As you get close to the park, take Fitchburg Road and then turn right when you reach Greenville Road. Drive for a half mile and you’ll reach Hosmer Road, which takes you straight to the campground. There are no narrow roads or tight turns, so campers with large RVs shouldn’t have issues getting to their site. There is ice on the roads during the winter, so take caution if driving during a cold spell.

Parking

Public Transport

Campgrounds and parking in Willard Brook State Forest

Campsites in Willard Brook State Forest

Reservations camping

Willard Brook State Forest Campground

There are 19 RV and tent sites in the forest’s campground, none of which have electrical hookups. You’ll have a fire pit and a picnic table, as well as access to modern restrooms with flush toilets. The campground is pet-friendly, provided that you keep dogs on a leash.

The campground is located right next to Damon Pond, giving you access to swimming, boating, and fishing. You’ll also be near the main hiking and mountain biking trails.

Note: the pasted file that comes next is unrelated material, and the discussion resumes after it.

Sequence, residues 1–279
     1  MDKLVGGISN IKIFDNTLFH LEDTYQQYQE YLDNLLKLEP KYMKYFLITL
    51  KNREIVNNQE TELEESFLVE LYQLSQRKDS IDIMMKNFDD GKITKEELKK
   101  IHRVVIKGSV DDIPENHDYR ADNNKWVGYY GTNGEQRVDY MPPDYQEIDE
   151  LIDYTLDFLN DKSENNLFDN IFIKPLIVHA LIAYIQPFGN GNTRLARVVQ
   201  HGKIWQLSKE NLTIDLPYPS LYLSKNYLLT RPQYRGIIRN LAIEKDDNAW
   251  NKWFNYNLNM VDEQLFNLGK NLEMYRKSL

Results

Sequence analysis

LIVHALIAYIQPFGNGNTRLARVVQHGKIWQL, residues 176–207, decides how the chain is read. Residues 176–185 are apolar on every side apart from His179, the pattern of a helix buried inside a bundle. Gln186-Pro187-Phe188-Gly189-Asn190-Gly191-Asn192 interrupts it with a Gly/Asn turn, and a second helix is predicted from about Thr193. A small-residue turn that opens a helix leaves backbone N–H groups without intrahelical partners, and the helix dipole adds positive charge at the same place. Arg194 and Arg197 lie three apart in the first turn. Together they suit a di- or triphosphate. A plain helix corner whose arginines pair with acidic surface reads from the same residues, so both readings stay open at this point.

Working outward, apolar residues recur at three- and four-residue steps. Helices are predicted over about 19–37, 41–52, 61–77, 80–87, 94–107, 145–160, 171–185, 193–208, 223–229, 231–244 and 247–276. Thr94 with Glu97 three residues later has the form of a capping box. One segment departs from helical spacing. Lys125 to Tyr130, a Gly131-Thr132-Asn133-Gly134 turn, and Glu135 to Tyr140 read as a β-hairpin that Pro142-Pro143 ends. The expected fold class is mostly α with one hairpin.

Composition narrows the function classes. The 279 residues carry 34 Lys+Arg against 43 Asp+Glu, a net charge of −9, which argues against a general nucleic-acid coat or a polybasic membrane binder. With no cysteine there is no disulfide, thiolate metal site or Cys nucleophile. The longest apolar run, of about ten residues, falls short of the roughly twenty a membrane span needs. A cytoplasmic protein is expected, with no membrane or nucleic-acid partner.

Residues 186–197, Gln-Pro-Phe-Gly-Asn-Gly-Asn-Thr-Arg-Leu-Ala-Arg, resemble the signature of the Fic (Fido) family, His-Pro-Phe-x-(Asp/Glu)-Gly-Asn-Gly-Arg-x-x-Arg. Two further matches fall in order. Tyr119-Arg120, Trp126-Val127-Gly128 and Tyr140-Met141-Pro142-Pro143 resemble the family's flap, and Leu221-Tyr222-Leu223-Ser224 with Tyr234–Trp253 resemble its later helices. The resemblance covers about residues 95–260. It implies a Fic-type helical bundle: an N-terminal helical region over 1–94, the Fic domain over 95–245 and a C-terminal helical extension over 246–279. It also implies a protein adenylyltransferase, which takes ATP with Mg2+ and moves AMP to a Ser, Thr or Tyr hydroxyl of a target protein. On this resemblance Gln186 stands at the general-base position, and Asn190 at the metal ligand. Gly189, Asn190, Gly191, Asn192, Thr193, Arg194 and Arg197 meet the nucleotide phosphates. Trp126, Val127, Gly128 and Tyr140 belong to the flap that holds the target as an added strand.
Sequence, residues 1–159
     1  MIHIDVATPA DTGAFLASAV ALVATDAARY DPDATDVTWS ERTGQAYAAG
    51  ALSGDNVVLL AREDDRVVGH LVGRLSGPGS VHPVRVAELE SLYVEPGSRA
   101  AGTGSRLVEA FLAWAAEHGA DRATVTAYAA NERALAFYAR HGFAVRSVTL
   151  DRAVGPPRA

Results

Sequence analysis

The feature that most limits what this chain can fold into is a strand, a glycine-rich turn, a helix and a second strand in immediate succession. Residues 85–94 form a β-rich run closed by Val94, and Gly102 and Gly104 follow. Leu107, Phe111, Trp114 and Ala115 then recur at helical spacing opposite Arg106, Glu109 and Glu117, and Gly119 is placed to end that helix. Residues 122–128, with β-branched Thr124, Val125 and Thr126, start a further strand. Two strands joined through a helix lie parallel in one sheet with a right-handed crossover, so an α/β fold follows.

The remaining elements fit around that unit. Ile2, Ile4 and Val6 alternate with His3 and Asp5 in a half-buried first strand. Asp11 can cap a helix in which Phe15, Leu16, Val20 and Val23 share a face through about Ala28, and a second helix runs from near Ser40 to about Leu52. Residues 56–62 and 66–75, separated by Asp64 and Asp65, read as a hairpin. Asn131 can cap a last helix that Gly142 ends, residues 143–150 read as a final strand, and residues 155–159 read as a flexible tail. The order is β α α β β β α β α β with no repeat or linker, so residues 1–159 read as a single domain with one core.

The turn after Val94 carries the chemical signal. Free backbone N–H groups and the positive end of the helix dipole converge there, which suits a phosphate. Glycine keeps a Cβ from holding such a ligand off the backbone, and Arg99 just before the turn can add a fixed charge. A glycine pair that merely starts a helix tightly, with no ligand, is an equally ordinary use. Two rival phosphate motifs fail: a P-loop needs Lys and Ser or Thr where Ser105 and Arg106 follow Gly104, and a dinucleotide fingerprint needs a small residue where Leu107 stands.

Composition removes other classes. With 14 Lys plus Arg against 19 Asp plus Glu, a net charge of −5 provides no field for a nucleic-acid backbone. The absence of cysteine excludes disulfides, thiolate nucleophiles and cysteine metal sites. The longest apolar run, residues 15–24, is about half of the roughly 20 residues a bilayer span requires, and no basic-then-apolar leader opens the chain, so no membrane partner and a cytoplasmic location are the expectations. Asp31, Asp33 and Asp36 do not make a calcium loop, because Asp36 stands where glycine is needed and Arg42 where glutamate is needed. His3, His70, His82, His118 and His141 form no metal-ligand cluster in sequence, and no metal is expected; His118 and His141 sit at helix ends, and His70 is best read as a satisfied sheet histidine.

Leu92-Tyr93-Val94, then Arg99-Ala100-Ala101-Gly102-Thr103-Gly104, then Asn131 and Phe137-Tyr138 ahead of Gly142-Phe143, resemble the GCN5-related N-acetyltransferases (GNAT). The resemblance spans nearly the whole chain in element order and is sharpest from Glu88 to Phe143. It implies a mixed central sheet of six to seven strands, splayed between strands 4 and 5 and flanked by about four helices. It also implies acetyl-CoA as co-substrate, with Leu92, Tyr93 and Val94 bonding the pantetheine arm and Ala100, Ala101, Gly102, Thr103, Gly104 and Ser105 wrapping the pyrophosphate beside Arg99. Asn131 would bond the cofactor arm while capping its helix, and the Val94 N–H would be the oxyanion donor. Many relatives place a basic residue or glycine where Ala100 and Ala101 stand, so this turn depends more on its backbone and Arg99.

All of the sites in the campground can be reserved in advance by calling the park office or booking online. They can be reserved up to six months in advance, and need to be booked at least a day before you arrive. Do try to book as early as possible, as there are only 19 sites in the park and they often fill up months in advance.

First-come first-served

Alternate camping

Seasonal activities in Willard Brook State Forest

In-Season

Mountain Biking and Horseback Riding

The forest’s network of hiking trails is also open to mountain biking and horseback riding. The terrain features a number of elevation changes and tight turns, making for challenging mountain bike rides. Most of the trails are wide enough for horses as well.